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Coleman v. Cauliflower Alley Club Inc.

United States District Court, D. Arizona

July 30, 2019

Eldridge Wayne Coleman, Plaintiff,
Cauliflower Alley Club Incorporated, et al., Defendants.


          Honorable John J. Tuchi, United States District Judge.

         At issue is Defendant Cauliflower Alley Club's Motion to Dismiss (Doc. 6, Mot.), to which Plaintiff Eldridge Wayne Coleman filed a Response (Doc. 10, Resp.), and Defendant filed a Reply (Doc. 12, Reply).

         Plaintiff is a former professional wrestler who used the name “Superstar Billy Graham” and, at the time of the events giving rise to this suit, was a member of Defendant organization. (Doc. 1-3, Compl. ¶ 10; Mot. at 1-2.) Defendant is a nonprofit organization whose membership consists partially of current and former professional wrestlers and whose mission is to financially assist former wrestlers during difficult financial times. (Compl. ¶ 10; Mot. at 1-2.)

         In the Complaint, Plaintiff alleges that the organization's President, Mr. Brian Blair, “falsely accused Plaintiff of having absconded on hotel charges and fees of over $17, 000.00 in connection with [Defendant's] convention in Las Vegas.” (Compl. ¶ 16.) Plaintiff refers to the following statement written by Mr. Blair and posted to his Facebook account:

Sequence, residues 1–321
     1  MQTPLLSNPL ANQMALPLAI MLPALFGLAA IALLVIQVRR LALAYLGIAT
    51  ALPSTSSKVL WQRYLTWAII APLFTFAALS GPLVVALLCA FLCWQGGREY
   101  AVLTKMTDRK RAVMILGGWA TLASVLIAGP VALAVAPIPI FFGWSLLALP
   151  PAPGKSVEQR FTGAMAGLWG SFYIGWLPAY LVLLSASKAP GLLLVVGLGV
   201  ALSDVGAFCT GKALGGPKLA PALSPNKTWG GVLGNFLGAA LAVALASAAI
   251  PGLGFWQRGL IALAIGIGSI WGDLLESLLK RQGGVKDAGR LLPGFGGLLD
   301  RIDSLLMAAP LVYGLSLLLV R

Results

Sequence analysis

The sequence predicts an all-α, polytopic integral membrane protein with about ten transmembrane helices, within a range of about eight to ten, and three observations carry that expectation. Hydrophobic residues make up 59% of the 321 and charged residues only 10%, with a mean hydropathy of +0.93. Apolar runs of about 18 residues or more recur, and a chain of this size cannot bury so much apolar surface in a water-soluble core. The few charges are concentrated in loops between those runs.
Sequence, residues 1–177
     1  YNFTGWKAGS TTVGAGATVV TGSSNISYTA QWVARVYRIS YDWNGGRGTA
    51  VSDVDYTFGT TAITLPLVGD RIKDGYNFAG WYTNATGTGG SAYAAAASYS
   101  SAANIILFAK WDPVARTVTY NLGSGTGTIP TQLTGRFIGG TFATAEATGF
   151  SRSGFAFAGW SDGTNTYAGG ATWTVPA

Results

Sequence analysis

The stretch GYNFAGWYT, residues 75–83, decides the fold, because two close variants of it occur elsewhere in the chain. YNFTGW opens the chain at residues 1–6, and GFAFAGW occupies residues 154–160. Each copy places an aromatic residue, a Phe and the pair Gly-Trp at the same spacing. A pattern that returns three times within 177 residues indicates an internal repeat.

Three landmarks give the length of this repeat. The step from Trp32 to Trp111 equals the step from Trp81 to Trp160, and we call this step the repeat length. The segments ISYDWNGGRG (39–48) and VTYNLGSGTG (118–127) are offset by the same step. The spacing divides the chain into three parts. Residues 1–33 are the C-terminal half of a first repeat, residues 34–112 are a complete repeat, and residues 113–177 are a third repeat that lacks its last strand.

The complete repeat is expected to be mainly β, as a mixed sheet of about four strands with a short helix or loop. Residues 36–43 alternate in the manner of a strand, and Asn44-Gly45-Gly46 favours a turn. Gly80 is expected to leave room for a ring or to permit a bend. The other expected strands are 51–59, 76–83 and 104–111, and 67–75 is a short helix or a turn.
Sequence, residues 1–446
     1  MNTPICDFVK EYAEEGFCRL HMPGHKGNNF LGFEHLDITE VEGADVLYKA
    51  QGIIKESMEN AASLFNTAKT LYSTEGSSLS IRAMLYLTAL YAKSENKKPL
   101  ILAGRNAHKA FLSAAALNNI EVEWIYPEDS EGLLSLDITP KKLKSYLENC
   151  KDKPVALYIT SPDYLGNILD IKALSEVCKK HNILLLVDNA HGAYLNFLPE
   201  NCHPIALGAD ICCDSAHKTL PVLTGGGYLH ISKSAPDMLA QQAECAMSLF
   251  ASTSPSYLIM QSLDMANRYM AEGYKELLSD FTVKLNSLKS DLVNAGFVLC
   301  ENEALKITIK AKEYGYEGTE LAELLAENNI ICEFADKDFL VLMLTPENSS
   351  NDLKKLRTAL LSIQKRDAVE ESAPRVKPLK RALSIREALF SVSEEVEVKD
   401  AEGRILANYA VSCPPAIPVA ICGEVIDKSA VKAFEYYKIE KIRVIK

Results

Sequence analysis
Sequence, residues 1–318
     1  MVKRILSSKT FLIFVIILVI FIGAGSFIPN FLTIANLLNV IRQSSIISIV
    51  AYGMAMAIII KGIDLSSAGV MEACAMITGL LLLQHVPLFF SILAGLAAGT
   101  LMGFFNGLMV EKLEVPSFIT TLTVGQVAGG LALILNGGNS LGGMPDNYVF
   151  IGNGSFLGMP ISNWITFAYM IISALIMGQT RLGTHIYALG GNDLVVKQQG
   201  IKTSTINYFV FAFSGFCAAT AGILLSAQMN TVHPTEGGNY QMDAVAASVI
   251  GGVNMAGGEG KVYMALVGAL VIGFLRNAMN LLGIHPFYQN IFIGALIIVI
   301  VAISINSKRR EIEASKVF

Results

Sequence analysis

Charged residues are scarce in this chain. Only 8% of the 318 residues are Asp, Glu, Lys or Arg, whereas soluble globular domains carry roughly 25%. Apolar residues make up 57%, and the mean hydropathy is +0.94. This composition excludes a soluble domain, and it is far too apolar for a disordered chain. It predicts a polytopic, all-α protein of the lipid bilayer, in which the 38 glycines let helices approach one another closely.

Talk about the ungrateful person SBGis! He received over $17, 000 of assistance from the CAC, and that is documented. While at the CAC Reunion in Vegas, he left all of his expenses for the CAC to pay & after all of that, he never said Thank you to anyone. Karl Lauer has all the records to reflect these comments. Why he would want to call me names, after he has received so much financial assistance in the past, and because we had/have many others that had never received financial aid before apply, [sic] he wants to blasphemy me! There are many Petty fools in life and it seems as if Billy has turned into one. I don't know if he's senile or what his reasoning is to use such explicit adjectives and to berate someone (me), that has given countless hours of time, to assist so many other colleagues in need. Mr. Graham's language and actions are as childish as I've ever seen in my life. I certainly hope Mr [sic] Graham gets well both mentally and physically! Sincerely, BBB[.]

(Compl. ¶ 19, Ex. 2.)

         Plaintiff alleges that Mr. Blair's statement was “made with actual malice” because he “knew [it] to be false” or “acted with a reckless disregard as to [its] truth.” (Compl. ¶ 18.) Plaintiff ultimately claims that this statement constitutes libel per se because it “falsely impeach[es] [his] honesty, integrity and reputation.” (Compl. ¶ 20.) Defendant now moves to dismiss for failure to state a claim. (Mot. at 1.)


         When analyzing a complaint for failure to state a claim for relief under Federal Rule of Civil Procedure 12(b)(6), the well-pled factual allegations are taken as true and construed in the light most favorable to the nonmoving party. Cousins v. Lockyer, 568 F.3d 1063, 1067 (9th Cir. 2009). Legal conclusions couched as factual allegations are not entitled to the assumption of truth, Ashcroft v. Iqbal, 556 U.S. 662, 680 (2009), and therefore are insufficient to defeat a motion to dismiss for failure to state a claim. In re Cutera Sec. Litig., 610 F.3d 1103, 1108 (9th Cir. 2010).